Advertisement

Theory in Biosciences

, Volume 131, Issue 3, pp 149–159 | Cite as

Perception–action loops of multiple agents: informational aspects and the impact of coordination

  • Philippe Capdepuy
  • Daniel Polani
  • Chrystopher L. Nehaniv
Original Paper

Abstract

Embodied agents can be conceived as entities perceiving and acting upon an external environment. Probabilistic models of this perception–action loop have paved the way to the investigation of information-theoretic aspects of embodied cognition. This formalism allows (i) to identify information flows and their limits under various scenarios and constraints, and (ii) to use informational quantities in order to induce the self-organization of the agent’s behavior without any externally specified drives. This article extends the perception–action loop formalism to multiple agents. The multiple-access channel model is presented and used to identify the relationships between informational quantities of two agents interacting in the same environment. The central question investigated in this article is the impact of coordination. Information-theoretic limits on what can be achieved with and without coordination are identified. For this purpose, different abstract channels are studied, along with a concrete example of agents interacting in space. It is shown that, under some conditions, self-organizing systems based on information-theoretic quantities have a tendency to spontaneously generate coordinated behavior. Moreover, in the perspective of engineering such systems to achieve specific tasks, these information-theoretic limits put constraints on the amount of coordination that is required to perform the task, and consequently on the mechanisms that underlie self-organization in the system.

Keywords

Information theory Perception–action loop Multiple agents Coordination 

Notes

Acknowledgment

The authors gratefully acknowledge the comments of reviewers and editors which considerably improved the article.

References

  1. Arimoto S (1972) An algorithm for computing the capacity of arbitrary discrete memoryless channels. IEEE Trans Inform Theor 18(1):14–20CrossRefGoogle Scholar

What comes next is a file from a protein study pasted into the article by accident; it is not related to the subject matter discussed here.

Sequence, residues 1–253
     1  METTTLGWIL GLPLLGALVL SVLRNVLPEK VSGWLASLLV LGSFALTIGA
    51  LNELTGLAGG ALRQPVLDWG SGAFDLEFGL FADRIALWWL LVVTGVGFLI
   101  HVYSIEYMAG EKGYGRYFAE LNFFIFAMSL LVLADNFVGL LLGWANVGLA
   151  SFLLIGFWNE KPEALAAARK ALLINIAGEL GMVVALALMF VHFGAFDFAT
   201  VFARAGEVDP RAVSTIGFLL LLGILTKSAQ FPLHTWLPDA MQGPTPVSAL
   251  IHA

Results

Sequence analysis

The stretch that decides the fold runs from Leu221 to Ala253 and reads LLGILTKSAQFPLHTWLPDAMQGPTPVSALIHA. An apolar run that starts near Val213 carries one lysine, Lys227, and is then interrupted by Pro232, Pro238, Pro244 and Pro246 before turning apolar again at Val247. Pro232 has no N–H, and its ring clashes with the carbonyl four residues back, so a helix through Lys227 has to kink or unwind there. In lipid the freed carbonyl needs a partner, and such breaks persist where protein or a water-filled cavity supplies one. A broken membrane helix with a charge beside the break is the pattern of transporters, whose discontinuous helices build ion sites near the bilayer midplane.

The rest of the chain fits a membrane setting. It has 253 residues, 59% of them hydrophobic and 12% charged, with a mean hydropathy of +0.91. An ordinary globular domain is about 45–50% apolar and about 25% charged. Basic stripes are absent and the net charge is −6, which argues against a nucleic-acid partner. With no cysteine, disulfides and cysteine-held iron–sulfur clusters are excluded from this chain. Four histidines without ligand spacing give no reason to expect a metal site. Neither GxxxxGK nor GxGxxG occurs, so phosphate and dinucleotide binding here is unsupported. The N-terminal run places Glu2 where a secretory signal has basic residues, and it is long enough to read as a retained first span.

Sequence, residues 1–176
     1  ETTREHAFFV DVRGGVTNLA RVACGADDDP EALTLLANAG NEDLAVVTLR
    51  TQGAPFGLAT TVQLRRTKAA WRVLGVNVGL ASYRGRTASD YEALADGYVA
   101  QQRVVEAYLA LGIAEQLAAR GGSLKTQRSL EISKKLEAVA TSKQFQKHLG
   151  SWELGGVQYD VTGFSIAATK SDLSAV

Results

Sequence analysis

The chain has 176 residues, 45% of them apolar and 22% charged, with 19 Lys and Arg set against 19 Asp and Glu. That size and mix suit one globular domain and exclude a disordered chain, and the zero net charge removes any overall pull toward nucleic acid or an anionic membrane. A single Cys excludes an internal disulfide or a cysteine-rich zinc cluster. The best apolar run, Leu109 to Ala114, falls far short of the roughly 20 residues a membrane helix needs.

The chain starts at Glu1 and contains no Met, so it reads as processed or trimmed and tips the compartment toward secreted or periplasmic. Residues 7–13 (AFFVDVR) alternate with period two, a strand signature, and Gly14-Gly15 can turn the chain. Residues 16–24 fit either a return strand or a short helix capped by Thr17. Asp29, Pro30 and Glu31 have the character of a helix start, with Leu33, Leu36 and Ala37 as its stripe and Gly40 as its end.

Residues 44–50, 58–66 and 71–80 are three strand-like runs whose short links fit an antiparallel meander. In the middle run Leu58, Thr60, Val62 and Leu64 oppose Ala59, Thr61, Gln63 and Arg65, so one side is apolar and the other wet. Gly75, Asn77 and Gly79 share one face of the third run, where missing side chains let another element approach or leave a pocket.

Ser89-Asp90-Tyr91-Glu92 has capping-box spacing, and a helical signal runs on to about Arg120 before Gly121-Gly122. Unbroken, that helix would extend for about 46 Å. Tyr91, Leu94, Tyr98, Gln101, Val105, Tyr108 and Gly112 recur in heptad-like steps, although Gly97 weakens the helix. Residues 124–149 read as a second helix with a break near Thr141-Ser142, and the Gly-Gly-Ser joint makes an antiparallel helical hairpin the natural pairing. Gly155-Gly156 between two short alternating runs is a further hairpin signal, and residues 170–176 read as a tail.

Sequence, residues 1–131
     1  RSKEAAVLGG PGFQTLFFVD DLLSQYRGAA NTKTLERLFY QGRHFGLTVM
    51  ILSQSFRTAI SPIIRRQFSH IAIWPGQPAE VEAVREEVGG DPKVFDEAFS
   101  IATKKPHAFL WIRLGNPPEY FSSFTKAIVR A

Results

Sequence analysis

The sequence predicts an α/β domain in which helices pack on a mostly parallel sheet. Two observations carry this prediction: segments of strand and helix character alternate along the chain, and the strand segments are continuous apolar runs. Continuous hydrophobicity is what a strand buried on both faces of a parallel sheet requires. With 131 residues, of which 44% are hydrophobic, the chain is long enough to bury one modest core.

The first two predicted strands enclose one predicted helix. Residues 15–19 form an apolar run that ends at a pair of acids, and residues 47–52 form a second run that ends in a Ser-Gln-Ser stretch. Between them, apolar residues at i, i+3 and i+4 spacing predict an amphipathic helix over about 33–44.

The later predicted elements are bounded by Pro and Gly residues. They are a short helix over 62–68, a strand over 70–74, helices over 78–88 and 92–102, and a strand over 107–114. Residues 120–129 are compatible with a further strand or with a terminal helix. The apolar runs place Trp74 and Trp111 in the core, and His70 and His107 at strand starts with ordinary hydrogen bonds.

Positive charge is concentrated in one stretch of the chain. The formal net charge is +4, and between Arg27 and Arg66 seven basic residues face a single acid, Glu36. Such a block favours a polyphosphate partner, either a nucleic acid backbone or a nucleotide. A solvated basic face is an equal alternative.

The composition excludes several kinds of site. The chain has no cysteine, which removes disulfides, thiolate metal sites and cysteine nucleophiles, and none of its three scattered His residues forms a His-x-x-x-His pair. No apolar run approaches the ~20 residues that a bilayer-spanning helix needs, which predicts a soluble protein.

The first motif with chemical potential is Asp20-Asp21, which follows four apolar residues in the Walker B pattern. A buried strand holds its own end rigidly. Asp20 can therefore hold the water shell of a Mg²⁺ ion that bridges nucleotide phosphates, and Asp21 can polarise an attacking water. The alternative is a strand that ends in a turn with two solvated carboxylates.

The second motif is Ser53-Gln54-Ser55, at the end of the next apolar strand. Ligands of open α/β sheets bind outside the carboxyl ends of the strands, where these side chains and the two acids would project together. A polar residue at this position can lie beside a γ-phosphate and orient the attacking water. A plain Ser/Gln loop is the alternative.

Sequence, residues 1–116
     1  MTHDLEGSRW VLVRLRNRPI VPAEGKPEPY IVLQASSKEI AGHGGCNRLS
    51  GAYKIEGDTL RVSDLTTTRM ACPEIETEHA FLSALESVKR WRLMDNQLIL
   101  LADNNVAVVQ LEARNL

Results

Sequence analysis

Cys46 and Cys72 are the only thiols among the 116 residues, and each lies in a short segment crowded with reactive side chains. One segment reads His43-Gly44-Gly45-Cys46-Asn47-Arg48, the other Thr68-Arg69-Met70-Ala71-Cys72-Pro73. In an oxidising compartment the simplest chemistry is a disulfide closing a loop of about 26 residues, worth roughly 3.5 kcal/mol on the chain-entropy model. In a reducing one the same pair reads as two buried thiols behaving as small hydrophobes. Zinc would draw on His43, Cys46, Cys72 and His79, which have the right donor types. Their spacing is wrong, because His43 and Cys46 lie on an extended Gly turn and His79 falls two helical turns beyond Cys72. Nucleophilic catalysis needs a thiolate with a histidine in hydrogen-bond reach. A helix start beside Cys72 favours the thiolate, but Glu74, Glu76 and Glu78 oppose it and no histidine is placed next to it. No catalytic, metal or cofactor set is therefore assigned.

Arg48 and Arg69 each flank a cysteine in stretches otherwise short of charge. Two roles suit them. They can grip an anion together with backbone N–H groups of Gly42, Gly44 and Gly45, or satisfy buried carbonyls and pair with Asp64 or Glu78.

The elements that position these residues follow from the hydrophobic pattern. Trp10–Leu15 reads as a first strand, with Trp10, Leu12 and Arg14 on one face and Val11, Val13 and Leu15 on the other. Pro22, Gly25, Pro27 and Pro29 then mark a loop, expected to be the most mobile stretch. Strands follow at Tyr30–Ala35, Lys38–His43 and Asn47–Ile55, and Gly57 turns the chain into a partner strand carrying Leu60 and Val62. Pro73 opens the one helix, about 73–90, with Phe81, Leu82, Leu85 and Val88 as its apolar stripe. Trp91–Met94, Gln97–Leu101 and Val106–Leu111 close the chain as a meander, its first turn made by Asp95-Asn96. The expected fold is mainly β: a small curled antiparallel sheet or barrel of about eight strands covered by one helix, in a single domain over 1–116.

2. Ay N, Polani D (2008) Information flows in causal networks. Adv Complex Syst 11(1):17–41Google Scholar
  3. Ay N, Bertschinger N, Der R, Güttler F, Olbrich E (2008) Predictive information and explorative behavior of autonomous robots. Eur Phys J B 63(3):329–339CrossRefGoogle Scholar
  4. Blahut R (1972) Computation of channel capacity and rate distortion functions. IEEE Trans Inform Theor 18(4):460–473CrossRefGoogle Scholar
  5. Capdepuy P, Polani D, Nehaniv CL (2007a) Constructing the basic umwelt of artificial agents: an information-theoretic approach. In: Proceedings of the ninth european conference on artificial life, vol 4648 of LNCS/LNAI. Springer, Lisbon, pp 375–383Google Scholar
  6. Capdepuy P, Polani D, Nehaniv CL (2007b) Maximization of potential information flow as a universal utility for collective behaviour. In: Proceedings of the first IEEE symposium on artificial life, IEEE, Hawaii, pp 207–213Google Scholar
  7. Cover TM, Thomas JA (2006) Elements of information theory, 2nd edn. Wiley Series in Telecommunications and Signal Processing. Wiley-Interscience, New YorkGoogle Scholar
  8. Klyubin A (2007) Organization of information flow through the perception–action loop. PhD Thesis, School of Computer Science, University of HertfordshireGoogle Scholar
  9. Klyubin AS, Polani D, Nehaniv CL (2007) Representations of space and time in the maximization of information flow in the perception–action loop. Neural Comput 19(9):2387–2432PubMedCrossRefGoogle Scholar
  10. Lungarella M, Sporns O (2006) Mapping information flow in sensorimotor networks. PLoS Comput Biol 2(10):e144+PubMedCrossRefGoogle Scholar
  11. Massey JL (1990) Causality, feedback and directed information. In: Proceedings of the international symposium on information theory and its applications, HawaiiGoogle Scholar
  12. Prokopenko M, Gerasimov V, Tanev I (2006) Evolving spatiotemporal coordination in a modular robotic system. In: From animals to animats 9: 9th international conference on the simulation of adaptive behavior (SAB 2006). Lecture notes in computer science, vol 4095. Springer, pp 558–569Google Scholar
  13. Rezaeian M, Grant A (2004) Computation of total capacity for discrete memoryless multiple-access channels. IEEE Trans Inform Theor 50(11):2779–2784CrossRefGoogle Scholar
  14. Still S (2009) Information-theoretic approach to interactive learning. EPL Europhys Lett 85(2):28005 (6 pp)Google Scholar
  15. Tatikonda S, Mitter S (2009) The capacity of channels with feedback. IEEE Trans Inform Theor 55(1):323–349CrossRefGoogle Scholar
  16. Thomas J (1987) Feedback can at most double gaussian multiple access channel capacity. IEEE Trans Inform Theor 33(5):711–716CrossRefGoogle Scholar
  17. Touchette H, Lloyd S (2000) Information-theoretic limits of control. Phys Rev Lett 84:1156PubMedCrossRefGoogle Scholar
  18. Touchette H, Lloyd S (2004) Information-theoretic approach to the study of control systems. Physica A 331:140CrossRefGoogle Scholar
  19. Zahedi K, Ay N, Der R (2009) Higher coordination with less control—a result of information maximisation in the sensori-motor loop. CoRR, abs/0910.2039Google Scholar

Copyright information

© Springer-Verlag 2011

Authors and Affiliations

  • Philippe Capdepuy
    • 1
  • Daniel Polani
    • 1
  • Chrystopher L. Nehaniv
    • 1
  1. 1.Adaptive Systems Research GroupUniversity of HertfordshireHatfield, HertsUK

Personalised recommendations